To believe in “the forgiveness of sins” as a description of the Christian life is to say that the Christian life has at its center not me, but Jesus Christ. He is the only righteousness we have, the only hope that permits us to receive ourselves and others as God’s forgiven children. But in him, our forgiveness is real and we can dare to venture into that ridiculous comedy that is the Christian life, set free to rejoice in the grace that refuses to damn us or let us go.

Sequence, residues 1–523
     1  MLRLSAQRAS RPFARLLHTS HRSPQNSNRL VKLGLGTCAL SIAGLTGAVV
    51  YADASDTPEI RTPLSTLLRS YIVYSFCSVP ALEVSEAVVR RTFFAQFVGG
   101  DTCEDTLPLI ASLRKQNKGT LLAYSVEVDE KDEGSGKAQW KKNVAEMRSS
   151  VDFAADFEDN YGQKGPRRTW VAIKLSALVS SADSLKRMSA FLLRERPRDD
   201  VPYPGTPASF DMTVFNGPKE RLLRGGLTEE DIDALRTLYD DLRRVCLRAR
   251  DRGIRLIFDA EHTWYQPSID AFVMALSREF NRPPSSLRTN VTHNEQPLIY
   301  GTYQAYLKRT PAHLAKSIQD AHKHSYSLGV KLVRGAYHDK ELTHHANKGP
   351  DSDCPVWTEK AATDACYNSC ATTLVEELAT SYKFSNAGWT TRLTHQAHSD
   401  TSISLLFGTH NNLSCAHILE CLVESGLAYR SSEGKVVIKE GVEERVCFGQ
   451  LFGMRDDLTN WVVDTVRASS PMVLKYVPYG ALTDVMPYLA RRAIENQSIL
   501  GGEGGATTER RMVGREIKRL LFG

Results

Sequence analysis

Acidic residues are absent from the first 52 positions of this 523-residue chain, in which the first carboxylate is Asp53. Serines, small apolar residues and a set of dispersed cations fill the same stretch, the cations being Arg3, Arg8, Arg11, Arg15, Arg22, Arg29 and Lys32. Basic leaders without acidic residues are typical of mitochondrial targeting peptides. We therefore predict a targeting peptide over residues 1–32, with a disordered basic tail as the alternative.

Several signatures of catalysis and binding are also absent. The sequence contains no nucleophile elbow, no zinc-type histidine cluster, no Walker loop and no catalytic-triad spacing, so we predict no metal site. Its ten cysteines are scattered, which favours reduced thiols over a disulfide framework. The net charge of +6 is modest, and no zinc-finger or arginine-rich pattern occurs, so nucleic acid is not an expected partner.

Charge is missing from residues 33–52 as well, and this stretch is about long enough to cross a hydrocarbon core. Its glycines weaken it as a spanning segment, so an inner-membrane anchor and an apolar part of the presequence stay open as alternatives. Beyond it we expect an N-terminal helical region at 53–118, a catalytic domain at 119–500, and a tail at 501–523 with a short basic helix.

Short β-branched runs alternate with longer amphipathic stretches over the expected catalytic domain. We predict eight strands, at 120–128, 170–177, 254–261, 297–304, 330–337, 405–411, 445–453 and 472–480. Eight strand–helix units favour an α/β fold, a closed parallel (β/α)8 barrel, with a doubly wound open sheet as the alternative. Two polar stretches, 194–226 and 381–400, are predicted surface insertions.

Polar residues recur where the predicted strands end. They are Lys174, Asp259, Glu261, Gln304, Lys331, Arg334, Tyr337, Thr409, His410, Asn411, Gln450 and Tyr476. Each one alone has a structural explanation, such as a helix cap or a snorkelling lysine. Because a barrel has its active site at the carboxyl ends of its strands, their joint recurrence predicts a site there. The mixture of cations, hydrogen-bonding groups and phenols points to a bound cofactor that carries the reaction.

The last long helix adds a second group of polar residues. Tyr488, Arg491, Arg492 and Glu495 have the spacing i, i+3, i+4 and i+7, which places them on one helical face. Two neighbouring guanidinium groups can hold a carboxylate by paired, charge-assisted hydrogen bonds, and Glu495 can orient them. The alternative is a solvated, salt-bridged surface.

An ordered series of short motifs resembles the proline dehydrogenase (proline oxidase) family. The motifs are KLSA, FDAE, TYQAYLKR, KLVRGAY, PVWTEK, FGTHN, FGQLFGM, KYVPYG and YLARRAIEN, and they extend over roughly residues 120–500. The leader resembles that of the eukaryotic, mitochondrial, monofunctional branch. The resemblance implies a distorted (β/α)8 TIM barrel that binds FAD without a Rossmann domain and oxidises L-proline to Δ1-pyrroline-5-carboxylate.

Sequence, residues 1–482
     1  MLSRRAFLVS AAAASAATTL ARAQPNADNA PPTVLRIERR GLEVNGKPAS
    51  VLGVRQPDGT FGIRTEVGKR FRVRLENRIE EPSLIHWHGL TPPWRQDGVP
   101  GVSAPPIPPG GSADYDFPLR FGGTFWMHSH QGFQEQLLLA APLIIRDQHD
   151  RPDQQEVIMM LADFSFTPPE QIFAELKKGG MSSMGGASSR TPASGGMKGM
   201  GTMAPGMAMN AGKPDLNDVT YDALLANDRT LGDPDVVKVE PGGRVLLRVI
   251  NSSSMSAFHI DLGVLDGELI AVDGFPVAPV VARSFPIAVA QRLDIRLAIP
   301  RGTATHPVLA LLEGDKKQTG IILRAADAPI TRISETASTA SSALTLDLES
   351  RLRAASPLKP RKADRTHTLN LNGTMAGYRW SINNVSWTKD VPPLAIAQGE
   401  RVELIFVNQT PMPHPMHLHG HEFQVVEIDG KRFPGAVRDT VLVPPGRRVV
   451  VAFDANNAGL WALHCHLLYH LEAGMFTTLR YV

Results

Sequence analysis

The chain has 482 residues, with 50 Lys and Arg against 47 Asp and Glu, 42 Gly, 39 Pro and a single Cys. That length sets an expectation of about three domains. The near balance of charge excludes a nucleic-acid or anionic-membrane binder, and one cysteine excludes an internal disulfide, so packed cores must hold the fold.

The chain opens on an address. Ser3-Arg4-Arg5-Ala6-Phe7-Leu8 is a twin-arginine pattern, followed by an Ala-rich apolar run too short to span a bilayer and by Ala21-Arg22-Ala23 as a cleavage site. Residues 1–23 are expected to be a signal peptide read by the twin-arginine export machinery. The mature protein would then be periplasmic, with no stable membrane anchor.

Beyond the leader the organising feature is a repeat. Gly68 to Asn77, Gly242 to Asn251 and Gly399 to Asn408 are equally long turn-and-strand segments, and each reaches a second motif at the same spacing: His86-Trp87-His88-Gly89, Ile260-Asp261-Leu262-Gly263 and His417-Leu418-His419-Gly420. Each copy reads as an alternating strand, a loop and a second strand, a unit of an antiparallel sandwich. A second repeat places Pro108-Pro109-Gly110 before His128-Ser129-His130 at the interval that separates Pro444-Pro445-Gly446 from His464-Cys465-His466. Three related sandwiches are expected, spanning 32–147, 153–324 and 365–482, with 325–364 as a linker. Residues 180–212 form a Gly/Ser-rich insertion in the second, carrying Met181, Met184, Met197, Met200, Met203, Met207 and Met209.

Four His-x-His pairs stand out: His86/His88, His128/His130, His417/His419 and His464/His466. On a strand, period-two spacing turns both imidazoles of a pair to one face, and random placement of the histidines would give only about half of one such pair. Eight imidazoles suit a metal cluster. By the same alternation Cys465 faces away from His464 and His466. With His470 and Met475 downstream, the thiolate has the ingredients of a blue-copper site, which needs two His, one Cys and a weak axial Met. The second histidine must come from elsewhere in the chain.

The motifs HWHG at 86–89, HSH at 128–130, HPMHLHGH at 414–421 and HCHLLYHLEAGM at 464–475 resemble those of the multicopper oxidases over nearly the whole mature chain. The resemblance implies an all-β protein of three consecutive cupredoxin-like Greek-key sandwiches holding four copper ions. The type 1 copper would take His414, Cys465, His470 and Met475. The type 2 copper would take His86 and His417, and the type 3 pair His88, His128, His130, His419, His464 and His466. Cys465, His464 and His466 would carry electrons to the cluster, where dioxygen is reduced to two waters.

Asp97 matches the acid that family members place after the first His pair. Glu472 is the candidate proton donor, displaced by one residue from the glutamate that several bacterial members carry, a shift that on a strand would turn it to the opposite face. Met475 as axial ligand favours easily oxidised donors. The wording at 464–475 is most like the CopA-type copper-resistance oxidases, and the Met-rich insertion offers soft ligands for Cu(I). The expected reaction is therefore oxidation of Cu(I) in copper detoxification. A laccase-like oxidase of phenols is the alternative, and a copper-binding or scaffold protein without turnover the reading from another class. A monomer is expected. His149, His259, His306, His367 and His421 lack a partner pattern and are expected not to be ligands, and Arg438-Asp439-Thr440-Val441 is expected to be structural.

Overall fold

There is a danger here, however, one that many theologians have called to our attention, none more perceptively than Paul himself, and none more sharply than Dietrich Bonhoeffer. “Should we continue in sin that grace may abound?” The danger consists in the fact that because the grace of “the forgiveness of sins” is so extravagant in its largesse, we will come to think of it as permissive and even cheap. Like children who have inherited great wealth, we are tempted by this grace of forgiveness to think that it is quite un-miraculous, easy and without cost. Worse, we will be tempted to think that the sins for which we have been forgiven are rather harmless things, things that can be managed with a good will and some effort on our part. We will try to hide from ourselves the true horror of our death-dealing ways by cultivating less theological categories: good management, effective habits, academic success, good people skills and technological expertise. But the sins for which we need forgiveness are not harmless things at all; rather, they are mercilessly destructive. And as the Study Catechism reminds us (Q.81), the God who forgives such sins, does not condone what is forgiven. There is judgment. That is what is on display in the cross of Jesus Christ, where the One who knew no sin became sin for us, taking on himself our lethal and soul-destroying ways, and revealing the true horror of our efforts at self-sufficiency.